The use ofLD_PRELOADmakes anauthbindinstallation specific to a particular C library. This version is forGNU/Linux libc6 (glibc2).
authbindmay not operate correctly with multithreaded programs. It isinherently very difficult (if not impossible) to perform the kind oftrickery that authbind does while preventing all undesirableinteractions between authbind's activities and those of (say) athreading runtime system.
It is quite possible thatauthbindand other programs and facilities which useLD_PRELOADmay interfere with each other, causing unpredictable behaviour or evencore dumps.authbindis known sometimes not to work correctly withfakeroot,for example (even supposing it could be determined what `correctly'means in this context).
authbindis ineffective with setuid programs, because they do not honourLD_PRELOADreferences outside the system directories, for security reasons. (Infact, setuid programs should not honourLD_PRELOADat all.)Of course a setuid-root program does not needauthbind,but it might be useful to apply it to program which are setuid toanother user or setgid. If the author or builder of such a programswishes it to use authbind they could have it load thelibauthbindlibrary explicitly rather than viaLD_PRELOAD.
Some programs may have trouble becauseauthbindspawns a child process `under their feet', causing (for example) afork(2)to happen andSIGCHLDsignal to be delivered. Unfortunately the Unix API does not makeit possible to deal with this problem in a sane way.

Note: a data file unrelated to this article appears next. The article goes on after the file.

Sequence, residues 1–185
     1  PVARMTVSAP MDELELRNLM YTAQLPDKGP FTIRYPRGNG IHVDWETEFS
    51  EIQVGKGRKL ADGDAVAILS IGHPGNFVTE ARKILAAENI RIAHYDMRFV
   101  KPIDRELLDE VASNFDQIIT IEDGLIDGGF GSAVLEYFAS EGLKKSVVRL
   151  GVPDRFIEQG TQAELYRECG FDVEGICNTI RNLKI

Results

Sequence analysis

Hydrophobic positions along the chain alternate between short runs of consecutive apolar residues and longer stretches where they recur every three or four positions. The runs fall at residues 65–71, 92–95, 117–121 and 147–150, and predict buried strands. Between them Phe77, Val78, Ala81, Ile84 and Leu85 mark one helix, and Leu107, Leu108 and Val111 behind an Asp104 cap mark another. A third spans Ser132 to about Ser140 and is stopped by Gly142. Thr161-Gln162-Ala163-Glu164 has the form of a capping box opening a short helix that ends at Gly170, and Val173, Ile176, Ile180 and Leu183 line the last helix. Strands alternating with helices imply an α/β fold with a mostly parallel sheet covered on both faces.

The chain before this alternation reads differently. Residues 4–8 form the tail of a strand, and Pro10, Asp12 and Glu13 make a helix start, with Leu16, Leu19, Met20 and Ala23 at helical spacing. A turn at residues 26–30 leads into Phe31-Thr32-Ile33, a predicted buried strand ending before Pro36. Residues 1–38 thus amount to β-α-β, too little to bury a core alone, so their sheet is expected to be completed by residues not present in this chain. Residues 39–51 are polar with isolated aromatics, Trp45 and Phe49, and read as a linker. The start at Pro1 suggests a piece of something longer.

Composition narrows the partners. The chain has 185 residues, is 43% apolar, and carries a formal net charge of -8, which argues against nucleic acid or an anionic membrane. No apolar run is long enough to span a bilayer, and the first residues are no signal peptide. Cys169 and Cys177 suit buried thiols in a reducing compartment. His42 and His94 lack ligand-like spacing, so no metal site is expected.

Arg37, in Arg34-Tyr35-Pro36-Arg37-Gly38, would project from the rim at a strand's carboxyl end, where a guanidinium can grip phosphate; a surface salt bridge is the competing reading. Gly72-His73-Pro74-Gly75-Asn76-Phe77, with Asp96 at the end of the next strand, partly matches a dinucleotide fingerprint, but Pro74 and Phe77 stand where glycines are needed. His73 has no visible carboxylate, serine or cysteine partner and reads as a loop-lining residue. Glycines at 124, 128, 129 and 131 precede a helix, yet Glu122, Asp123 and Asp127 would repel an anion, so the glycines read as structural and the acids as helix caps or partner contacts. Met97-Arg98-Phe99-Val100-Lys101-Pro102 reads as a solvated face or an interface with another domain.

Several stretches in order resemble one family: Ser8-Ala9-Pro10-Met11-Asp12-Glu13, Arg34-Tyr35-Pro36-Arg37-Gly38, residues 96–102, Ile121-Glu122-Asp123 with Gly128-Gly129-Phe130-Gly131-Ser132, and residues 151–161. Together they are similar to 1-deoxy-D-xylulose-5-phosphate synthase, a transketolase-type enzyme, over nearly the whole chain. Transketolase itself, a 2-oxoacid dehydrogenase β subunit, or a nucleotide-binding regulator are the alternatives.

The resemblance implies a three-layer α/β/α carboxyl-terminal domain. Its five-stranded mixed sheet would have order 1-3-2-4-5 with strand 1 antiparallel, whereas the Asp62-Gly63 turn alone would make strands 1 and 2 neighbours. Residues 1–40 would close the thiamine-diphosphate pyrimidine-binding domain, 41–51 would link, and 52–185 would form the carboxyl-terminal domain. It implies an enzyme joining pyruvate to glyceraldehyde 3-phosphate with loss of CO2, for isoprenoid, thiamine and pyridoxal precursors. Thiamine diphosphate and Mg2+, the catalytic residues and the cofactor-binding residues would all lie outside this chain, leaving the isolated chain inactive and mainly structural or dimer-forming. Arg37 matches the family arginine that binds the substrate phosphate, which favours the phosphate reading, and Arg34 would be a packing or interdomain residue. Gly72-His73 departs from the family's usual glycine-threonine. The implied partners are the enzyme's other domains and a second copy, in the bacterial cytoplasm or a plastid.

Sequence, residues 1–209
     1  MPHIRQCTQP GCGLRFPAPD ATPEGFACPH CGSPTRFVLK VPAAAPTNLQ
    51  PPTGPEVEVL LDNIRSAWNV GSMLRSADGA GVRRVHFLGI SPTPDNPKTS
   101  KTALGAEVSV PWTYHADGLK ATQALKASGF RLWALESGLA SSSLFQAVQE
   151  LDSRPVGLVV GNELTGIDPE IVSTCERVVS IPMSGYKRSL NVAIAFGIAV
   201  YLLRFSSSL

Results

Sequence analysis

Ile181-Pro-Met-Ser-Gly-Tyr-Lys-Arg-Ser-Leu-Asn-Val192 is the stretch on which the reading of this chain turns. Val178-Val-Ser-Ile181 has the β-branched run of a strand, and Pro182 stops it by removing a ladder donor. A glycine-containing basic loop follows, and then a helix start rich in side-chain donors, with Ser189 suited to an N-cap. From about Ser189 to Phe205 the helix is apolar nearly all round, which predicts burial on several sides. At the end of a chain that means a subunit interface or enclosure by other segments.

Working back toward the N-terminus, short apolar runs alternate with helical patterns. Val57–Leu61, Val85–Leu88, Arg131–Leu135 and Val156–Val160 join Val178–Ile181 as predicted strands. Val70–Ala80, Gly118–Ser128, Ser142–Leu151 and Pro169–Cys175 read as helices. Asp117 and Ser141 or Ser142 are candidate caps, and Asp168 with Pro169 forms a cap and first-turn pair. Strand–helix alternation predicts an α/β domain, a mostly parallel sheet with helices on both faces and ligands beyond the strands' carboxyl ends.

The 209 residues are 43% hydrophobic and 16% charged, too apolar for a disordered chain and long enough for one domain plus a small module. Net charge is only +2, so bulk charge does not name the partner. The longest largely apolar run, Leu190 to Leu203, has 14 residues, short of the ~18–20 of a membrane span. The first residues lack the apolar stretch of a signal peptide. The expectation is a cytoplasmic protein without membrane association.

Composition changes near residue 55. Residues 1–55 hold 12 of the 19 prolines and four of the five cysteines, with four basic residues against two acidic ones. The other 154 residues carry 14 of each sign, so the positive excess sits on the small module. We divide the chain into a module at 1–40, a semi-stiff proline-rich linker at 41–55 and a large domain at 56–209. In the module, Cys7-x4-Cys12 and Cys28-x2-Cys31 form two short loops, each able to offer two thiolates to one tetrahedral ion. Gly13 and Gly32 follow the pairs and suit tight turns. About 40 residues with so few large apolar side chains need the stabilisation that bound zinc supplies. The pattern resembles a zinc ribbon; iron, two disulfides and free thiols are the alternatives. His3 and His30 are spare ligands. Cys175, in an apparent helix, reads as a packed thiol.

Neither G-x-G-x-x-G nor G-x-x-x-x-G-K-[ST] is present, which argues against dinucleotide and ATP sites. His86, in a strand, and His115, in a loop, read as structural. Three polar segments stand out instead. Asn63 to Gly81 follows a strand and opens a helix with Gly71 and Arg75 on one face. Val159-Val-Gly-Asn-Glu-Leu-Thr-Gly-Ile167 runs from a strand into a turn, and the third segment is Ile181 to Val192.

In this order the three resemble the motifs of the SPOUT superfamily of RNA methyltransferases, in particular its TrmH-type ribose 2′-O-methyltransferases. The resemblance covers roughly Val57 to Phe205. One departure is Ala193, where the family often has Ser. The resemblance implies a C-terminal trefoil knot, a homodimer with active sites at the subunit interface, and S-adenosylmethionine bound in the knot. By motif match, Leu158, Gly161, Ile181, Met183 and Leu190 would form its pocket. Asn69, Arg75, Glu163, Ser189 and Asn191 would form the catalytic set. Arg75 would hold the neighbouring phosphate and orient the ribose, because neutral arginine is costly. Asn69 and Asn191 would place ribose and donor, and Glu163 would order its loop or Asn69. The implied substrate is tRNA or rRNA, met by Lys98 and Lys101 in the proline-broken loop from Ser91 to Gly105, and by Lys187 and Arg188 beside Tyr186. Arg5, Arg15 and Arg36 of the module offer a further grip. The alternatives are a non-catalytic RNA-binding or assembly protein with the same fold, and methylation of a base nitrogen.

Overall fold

The access control configuration scheme is somewhat strange.
FILES AND ENVIRONMENT VARIABLES
- The shared library whichauthbindcauses to be loaded usingLD_PRELOAD,and which actually implements the diversion ofbind(2)to an external program.
- The variable used by the dynamic linker when starting dynamicallylinked programs and deciding which shared libraries to load andmodifed by theauthbindprogram to allow it to override the usual meaning ofbind(2).
- If set, forcesauthbindto use its value as the path to the shared library to put inLD_PRELOAD,instead of the compiled-in value. In any case, unless--deepwas specified,authbindwill set this variable to the name of the library actually added toLD_PRELOAD,so that the library can find and remove the right entry.
- This variable is set byauthbindto the number of levels left from the--depthor--deepoption, minus one. It is decremented during_initby the library on each program call, and the library will removeitself from theLD_PRELOADwhen it reaches zero. The special valueymeans--deepwas specified.
and this manpage were written by Ian Jackson. They areCopyright (C)1998,2012by him and released under the GNU General Public Licence; there is NOWARRANTY. See/usr/doc/authbind/copyright
- ACCESS CONTROL
- PORTS 512-1023
- ERROR HANDLING
- FILES AND ENVIRONMENT VARIABLES
- SEE ALSO
This document was created byman2html,using the manual pages.